In the episode, the Johnson family gathers around the television to watch the verdict of a Grand Jury seated on a police brutality case of an African American. Bow is reluctant to generalize all interactions with police as threatening and to pass on the negative sentiments to Jack and Diane.
“I’m not asking you to lie to them; I just want to give them a little faith in the world.”
Zoey questions the futility of talking about the issues. “Everybody I love has been here talking about it all night, and none of you know what the answer is.”
The episode written by show creator Kenya Barris doesn’t shy away from the issues. But the fact is that the episode shouldn’t be groundbreaking. We should be light years ahead of talking about these issues. And understanding them.
Coming days ahead of the Oscar ceremony where no doubt host Chris Rock will tackle the #OscarsSoWhite controversy, “Hope” should inspire more talking. Hopefully it will do so for the people who need to.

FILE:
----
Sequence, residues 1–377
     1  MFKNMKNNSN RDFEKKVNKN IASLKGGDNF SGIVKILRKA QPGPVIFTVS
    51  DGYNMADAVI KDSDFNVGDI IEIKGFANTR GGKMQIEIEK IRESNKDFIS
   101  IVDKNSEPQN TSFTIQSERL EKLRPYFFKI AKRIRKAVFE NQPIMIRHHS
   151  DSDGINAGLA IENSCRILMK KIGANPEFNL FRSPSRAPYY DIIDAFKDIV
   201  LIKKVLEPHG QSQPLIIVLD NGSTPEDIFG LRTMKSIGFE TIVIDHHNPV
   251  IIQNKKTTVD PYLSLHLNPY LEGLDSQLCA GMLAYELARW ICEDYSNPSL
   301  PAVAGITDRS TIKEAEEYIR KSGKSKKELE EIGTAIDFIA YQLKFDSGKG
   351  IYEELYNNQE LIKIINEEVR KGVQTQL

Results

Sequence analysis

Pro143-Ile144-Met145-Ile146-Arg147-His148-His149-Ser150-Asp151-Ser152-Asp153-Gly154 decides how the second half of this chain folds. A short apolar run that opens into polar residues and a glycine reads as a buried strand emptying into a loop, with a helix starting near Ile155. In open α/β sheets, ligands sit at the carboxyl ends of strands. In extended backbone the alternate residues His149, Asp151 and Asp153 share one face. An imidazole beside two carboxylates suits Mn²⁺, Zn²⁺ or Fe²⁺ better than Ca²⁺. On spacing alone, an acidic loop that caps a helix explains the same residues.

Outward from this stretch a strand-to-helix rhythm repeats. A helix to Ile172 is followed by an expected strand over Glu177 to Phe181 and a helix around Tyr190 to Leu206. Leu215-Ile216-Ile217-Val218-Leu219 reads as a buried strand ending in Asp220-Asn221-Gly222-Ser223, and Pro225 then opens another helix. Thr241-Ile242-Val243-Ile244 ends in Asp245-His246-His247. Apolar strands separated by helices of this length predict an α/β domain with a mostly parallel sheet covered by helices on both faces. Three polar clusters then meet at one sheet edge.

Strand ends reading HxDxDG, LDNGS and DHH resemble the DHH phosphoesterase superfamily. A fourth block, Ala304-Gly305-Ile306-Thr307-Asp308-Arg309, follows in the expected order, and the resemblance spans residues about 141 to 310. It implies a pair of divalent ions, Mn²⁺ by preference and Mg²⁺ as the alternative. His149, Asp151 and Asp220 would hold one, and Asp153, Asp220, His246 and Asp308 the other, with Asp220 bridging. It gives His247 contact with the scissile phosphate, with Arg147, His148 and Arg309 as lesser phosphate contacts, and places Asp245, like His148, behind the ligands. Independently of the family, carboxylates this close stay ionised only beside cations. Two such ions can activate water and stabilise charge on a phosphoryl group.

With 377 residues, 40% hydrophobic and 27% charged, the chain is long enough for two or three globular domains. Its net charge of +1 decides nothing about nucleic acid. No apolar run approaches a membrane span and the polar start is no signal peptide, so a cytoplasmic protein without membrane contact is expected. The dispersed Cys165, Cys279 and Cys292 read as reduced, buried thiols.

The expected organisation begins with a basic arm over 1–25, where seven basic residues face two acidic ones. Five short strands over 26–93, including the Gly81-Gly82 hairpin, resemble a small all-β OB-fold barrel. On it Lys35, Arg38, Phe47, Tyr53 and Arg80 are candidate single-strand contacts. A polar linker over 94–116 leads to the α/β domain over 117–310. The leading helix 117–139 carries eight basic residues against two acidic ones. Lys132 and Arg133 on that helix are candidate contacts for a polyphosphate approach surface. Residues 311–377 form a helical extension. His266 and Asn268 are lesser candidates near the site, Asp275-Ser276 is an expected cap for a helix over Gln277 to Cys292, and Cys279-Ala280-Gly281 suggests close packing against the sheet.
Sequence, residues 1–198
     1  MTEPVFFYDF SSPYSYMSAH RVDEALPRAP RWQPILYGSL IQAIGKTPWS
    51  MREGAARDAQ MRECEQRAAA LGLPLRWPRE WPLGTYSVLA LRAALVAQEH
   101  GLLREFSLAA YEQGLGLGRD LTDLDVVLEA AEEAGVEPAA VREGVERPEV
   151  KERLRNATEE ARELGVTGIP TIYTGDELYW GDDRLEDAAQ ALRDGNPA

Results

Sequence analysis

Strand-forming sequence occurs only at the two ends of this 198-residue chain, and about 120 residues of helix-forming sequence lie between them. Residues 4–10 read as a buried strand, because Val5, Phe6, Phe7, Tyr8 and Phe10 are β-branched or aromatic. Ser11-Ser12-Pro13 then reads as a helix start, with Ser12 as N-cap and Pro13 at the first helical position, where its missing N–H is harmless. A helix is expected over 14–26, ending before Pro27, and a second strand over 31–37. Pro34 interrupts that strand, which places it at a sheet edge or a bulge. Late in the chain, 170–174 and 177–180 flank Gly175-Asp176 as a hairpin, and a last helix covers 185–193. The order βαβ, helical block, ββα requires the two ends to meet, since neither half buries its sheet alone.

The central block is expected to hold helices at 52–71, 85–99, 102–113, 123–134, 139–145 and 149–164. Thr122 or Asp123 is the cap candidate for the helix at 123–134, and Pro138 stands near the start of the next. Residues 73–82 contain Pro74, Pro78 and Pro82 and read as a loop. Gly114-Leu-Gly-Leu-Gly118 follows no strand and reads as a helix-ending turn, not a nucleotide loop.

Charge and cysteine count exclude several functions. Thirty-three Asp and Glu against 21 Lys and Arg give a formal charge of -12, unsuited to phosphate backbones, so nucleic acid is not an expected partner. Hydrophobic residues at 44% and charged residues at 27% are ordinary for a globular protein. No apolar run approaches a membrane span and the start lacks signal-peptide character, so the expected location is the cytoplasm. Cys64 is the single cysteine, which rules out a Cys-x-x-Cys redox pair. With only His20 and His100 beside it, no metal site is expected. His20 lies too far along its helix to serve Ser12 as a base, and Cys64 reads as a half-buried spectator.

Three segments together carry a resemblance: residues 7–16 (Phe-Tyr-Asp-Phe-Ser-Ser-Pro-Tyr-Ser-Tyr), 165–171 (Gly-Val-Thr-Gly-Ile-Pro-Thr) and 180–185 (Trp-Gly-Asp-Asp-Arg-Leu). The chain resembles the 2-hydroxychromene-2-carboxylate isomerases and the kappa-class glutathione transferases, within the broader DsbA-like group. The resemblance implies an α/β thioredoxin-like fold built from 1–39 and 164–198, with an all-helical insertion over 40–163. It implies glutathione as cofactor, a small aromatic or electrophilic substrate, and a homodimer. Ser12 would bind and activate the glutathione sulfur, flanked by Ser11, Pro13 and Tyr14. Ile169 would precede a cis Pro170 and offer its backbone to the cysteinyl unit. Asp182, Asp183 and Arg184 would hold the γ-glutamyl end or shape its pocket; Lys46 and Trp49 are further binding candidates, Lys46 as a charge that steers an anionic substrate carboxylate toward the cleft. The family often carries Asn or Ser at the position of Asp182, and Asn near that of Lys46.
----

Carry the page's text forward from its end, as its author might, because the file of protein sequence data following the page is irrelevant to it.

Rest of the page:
When the kids ask some tough questions in the midst of a highly publicized court case involving alleged police brutality and an African-American teenager, Dre and Bow are conflicted on how best to field them. Dre, along with Pops and Ruby, feel the kids need to know what kind of world they’re living in, while Bow would like to give them a more hopeful view about life. When the verdict is announced, the family handles the news in different ways while watching the community react, on “black-ish,” WEDNESDAY, FEBRUARY 24 at 9:30/8:30c on the ABC Television Network.“black-ish” stars Anthony Anderson as Andre “Dre” Johnson, Tracee Ellis Ross as Rainbow Johnson, Yara Shahidi as Zoey Johnson, Marcus Scribner as Andre Johnson, Jr., Miles Brown as Jack Johnson, Marsai Martin as Diane Johnson and Laurence Fishburne as Pops.Guest starring is Jenifer Lewis as Ruby and Issac Ryan Brown as Young Dre.